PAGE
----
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FAQ's - Frequently Asked Questions for Ohio Bankruptcy

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People from all walks of life sometimes need the help of the bankruptcy system. I have filed bankruptcy for people working in all positions from store clerks to vice presidents of banks. I’ve filed for doctors and attorneys and even a Judge.
I’ve personally been insolvent, sued and treated with indifference and cruelty by attorneys who sued me when I could not pay my bills.

So I understand, from personal experience, what it’s like to need help. This is the “dark side of debt” that nobody talks about. Bankruptcy can be the solution, and should NOT be considered a “last resort” as is so often stated. It should be considered BEFORE you “hit the bottom” because filing early can prevent loss of income and property, and avoid needless suffering.

Most of your debts are dischargable. Often you want to keep property and continue to pay for your car and home. Unsecured debts like credit cards, medical bills, personal loans, payday loans are considered “unsecured” and discharged in bankruptcy.
Although most debts are dischargable, some are not. These include the ones you would expect to be excluded from discharge. Child support, most taxes, court fines, and student loans are the most common.
Alternatives to bankruptcy include credit Counseling, debt consolidation loans, debt management programs, and debt settlement programs. They can be effective if your income is sufficient to pay most of your debts with the extra income you have available after meeting your required living expenses.
Normally, you will not. Exemptions protect property, up to a maximum limit. For example, your household goods and furnishings are protected up to $13,400, per person. Car equity is protected up to $4,000, and your home equity is protected up to $145,425 per person. If you have more equity than the exemptions cover, there are several approaches to making sure you don’t lose any property you want to keep.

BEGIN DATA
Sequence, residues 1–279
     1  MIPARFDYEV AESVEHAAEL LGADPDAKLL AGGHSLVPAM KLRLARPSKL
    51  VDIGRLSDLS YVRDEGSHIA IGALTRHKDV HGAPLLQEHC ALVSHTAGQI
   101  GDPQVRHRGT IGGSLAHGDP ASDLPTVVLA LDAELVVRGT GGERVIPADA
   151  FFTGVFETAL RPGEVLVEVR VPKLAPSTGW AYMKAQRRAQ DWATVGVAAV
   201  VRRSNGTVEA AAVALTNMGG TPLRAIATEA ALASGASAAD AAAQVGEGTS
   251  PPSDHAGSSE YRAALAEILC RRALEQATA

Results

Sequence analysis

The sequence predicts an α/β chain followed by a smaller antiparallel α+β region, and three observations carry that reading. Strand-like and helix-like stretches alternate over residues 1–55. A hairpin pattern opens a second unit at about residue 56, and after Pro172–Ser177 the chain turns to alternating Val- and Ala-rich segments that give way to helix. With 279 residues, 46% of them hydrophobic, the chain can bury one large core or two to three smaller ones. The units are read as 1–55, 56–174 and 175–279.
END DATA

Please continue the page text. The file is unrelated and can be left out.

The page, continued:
There is a lot to know about the differences between these two chapters. It is not true, for example, that chapter 7 is mainly for low income families. I file chapter 7 for families making over $100,000 per year. Similarly, chapter 13 is not just for families who have income over the median income level. I am able to save thousands of dollars by filing chapter 13 for families under median income, who could qualify for chapter 7 but get much better results with chapter 13.
If you have a proven program like the one we have here at West Law Office, your credit will be recovered to “good credit” status within one year after discharge if you file chapter 7, and even before you finish your plan if you are filing chapter 13. Don’t believe it when you read that simply because bankruptcy stays on your credit for 7 years (chapter 13) or 10 years (chapter 7) that your credit score will be low for that length of time. That’s just not true.
Bankruptcy is a public record, but it’s not that easy to find. Anyone can go to the courthouse and look up bankruptcy filings, but they are not commonly published in newspapers or their online counterparts. Employers are generally not notified unless the employer is a creditor or you are in a chapter 13 and paying your chapter 13 plan payment by wage deduction. You are permitted to request an exception to the wage deduction payment method if you have reason to.

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Useful Calculators

Here are two helpful calculators for managing your debt repayments and Chapter 13 commitments.